I think this article was very interesting. I was a Girl Scout for a long time to it’s interesting to read about how they became an organization. I also think this was very noble of them to focus on youths and teenagers and focus on teaching them skills that would be useful in life. The only thing about this article that I would’ve like to read more about would’ve been some more details on the Girl Scouts rather than Boy Scouts.

  • Berenice Alvarado

    This article is fascinating because it talks about how the Boy Scouts and Girl Scouts were different when they were starting. Of course Boy Scouts were better because there wasn’t equality and during these times men were superior. But I am glad that even though times were hard that Daisy didn’t give up and was able to introduce Girl Scouts to the United States. If it wasn’t for her and everyone that supported her Girl Scout cookies wouldn’t exist. Therefore, this article was very good.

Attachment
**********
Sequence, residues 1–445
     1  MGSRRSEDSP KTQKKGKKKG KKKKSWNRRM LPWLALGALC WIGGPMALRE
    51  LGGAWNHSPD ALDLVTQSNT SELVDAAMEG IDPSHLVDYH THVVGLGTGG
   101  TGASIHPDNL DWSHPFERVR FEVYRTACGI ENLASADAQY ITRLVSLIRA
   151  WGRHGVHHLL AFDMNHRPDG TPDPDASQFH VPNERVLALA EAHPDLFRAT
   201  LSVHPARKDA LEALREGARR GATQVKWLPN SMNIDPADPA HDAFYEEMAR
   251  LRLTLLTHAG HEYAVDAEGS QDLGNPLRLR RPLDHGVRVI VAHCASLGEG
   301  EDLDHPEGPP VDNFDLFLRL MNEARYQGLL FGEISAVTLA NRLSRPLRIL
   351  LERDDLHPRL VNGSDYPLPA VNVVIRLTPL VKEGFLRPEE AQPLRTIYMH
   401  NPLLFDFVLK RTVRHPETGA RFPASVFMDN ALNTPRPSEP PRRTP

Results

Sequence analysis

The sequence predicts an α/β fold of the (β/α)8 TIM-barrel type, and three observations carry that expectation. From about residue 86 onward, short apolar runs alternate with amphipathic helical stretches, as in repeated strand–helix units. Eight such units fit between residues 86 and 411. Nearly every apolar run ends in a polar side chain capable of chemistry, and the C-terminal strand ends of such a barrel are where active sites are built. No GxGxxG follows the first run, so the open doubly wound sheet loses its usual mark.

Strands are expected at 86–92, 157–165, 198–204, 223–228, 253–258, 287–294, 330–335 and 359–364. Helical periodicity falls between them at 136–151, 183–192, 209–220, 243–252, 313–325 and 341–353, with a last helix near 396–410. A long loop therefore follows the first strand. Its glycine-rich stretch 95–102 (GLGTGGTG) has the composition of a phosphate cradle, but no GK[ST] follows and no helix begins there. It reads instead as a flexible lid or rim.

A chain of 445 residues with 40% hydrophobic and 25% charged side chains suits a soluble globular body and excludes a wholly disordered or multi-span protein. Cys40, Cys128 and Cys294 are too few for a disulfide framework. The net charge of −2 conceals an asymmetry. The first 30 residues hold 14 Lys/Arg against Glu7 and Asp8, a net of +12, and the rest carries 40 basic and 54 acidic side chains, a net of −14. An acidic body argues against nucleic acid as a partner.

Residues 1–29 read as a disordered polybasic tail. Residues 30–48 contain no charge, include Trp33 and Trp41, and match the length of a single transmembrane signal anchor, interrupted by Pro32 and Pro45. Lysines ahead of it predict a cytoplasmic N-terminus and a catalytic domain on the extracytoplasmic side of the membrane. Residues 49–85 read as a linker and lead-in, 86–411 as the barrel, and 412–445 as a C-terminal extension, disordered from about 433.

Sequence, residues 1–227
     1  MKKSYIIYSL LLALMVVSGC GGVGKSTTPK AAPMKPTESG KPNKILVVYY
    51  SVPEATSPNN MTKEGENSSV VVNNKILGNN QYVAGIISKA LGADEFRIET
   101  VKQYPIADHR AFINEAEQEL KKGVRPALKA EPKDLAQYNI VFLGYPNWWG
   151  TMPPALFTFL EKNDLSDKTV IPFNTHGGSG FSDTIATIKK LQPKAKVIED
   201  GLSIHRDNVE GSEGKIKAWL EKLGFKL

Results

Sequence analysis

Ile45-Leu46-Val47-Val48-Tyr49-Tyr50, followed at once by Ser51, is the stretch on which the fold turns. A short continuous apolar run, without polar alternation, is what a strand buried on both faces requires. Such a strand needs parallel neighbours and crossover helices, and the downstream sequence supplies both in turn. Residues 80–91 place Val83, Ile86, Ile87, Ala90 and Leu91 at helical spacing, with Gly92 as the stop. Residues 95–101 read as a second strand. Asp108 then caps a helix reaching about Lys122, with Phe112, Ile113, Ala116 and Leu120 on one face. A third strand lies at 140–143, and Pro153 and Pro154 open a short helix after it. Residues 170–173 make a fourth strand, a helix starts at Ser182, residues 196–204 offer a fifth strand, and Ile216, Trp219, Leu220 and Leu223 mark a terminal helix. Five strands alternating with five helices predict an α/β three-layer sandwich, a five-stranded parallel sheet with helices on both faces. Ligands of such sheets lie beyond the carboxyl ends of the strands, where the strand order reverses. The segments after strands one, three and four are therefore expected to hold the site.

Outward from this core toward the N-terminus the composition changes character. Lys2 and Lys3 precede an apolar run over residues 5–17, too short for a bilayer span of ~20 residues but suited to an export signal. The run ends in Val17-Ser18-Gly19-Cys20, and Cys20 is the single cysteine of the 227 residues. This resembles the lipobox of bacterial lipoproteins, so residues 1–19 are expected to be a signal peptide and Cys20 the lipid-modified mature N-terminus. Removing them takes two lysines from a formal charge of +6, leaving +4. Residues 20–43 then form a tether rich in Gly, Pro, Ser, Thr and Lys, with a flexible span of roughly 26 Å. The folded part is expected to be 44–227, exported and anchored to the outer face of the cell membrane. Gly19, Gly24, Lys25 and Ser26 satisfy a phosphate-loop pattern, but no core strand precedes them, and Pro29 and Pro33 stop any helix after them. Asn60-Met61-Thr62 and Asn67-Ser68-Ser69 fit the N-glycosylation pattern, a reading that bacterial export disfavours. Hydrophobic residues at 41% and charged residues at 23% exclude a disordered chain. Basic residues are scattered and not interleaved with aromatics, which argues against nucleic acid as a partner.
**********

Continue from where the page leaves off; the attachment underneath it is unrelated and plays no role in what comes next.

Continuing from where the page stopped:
• Francisco Cruzado

    I got really intrigued by the life of Baden-Powell, by his idea of forming younger generations in a military-inspired sort of school, by the first Boy Scouts’ guide he wrote and that he had to change for appeal to a younger audience. I also wonder how the Boy Scouts’ values have changed throughout time, as wars and revolutions were taking place around the world, as discrimination started to be addressed, as inequality turned out to be a matter that involved the entirety of the European society, and as the middle classes grew by large. But the story of Daisy still confuses me a little, for when the text says she felt as having no purpose in life, as in need of a new thing, it sounds to me as an aristocratic or bourgeoisie problem, and that is not so appealing to me.